No, it’s just a slump. Slumps in music fan-dom are common. I don’t really buy the blank slate idea, though it’s interesting, but it doesn’t ring true — it’s like saying you’ll never read an interesting book again because you’ve absorbed all the books you can, for a lifetime.

    Then too, it might be an S-K phenomonen. Steve mentioned it, above. I have to admit I like their early stuff the best — something about the raw rebellion and the short, tough songs. They’re still tough and they’re still good writers, but maybe it was their early rage that gave them their most potent chemistry.

  15. Kristy: No, as I said above: there are new additions to the slate, but it is a hell of a lot more difficult for the new whatever–music, book, ice cream flavor–to have the same sort of effect that the things that have long been internalized have. While the last thing that any of us want to do is speak for Jeff, it seems to me that his point was not so much S-K specific as it is that there is a recognition that at some point what once may have caused excitement or enthusiasm wanes–not because the thing is any less vital or because the person experiencing it is tiring, but simply because there is an attitudinal shift such that there is no congruence between what was and what is.

    Or, said another way, sometimes neither the Almond Joy nor the Mounds gets it done.

  16. This is the most interesting conversation I’ve seen in a long time. Stephen, I think you summed Jeff’s point up nicely. I wish Jeff would give us a few more details of said attitudinal shift. What makes him think he cannot relate to indie kids? What does he thrive on conversationally that indie kids cannot provide? What idealism and passion has he lost?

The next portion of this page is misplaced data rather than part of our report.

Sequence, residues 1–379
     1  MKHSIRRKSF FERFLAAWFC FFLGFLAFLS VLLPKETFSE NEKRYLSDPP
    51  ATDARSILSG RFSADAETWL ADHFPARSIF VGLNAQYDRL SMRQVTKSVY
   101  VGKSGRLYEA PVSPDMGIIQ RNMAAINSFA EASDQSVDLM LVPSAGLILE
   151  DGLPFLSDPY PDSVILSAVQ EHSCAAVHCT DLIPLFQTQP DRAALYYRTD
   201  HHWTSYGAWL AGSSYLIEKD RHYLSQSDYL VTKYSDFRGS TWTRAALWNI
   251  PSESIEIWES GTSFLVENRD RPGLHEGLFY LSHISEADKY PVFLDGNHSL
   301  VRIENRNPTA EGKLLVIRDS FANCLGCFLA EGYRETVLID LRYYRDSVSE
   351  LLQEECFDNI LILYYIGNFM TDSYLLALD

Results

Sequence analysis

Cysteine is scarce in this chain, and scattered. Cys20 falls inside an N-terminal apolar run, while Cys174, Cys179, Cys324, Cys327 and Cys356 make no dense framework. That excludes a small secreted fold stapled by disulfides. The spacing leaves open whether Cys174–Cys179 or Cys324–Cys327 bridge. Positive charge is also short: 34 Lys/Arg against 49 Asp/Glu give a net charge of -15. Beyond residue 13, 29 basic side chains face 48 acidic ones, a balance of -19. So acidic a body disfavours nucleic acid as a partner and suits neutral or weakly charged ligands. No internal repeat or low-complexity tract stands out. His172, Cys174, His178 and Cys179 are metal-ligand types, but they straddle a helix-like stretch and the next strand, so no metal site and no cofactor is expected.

17. I think one of the signs that I noticed that rock and roll is for the most part, not always, but most of the time, a youth culture experience, is when many of my peers stopped going to shows, and were replaced with younger, fresher faces. I still enjoy seeing a good live band, but I don’t know if I will ever be moved as I once was. Perhaps youthful exuberance is replaced by a slice of wisdom. ONe of the nice things about Quasi and SK and some of the bands with older members is that I feel I’m growing older with these people, that they’re my peers. I can relate to Sam Coomes lyrics more so than the next Sam Coomes.

    I do agree with Kristy that we do go through slumps and then stumble across something that fills the void nicely.

  18. All I know is the Hives/Mooney Suzuki show last spring knocked me out. I seriously talked about it for days. It was an event that I will always bring up when the conversations turns to rock and roll still being valid and real. I will also continue to bring up my beloved Sinatras as usual.

  19. I’ve got to respond to what Kristy said earlier about “discerning rock fans” being able to avoid cliche in rock, and thereby, I’m postulating, appreciate novel musical expression.

    I, myself, am what many who frequent this site might consider a rock middleweight (or maybe even a rock lightweight). My musical tastes came of age in the early ’90s when I was in high school, back when Nirvana, Pearl Jam, and STP were the bomb. My musical tastes have since grown to the extent that I love Neil Young (and not even just his country-comfort stuff), Bob Dylan, and late-60s/early ’70s Rolling Stones; I gag at top-40 radio; and I’ve long since packed my “Vs.”, “In Utero,” and Weezer’s blue album CDs in the “Do Not Open ‘Til I Can Share These With My Grandkids” box. The Band was my big discovery this year, after seeing The Last Waltz in the theatre, which MOVED me like I’ve never been moved before by a rock performance.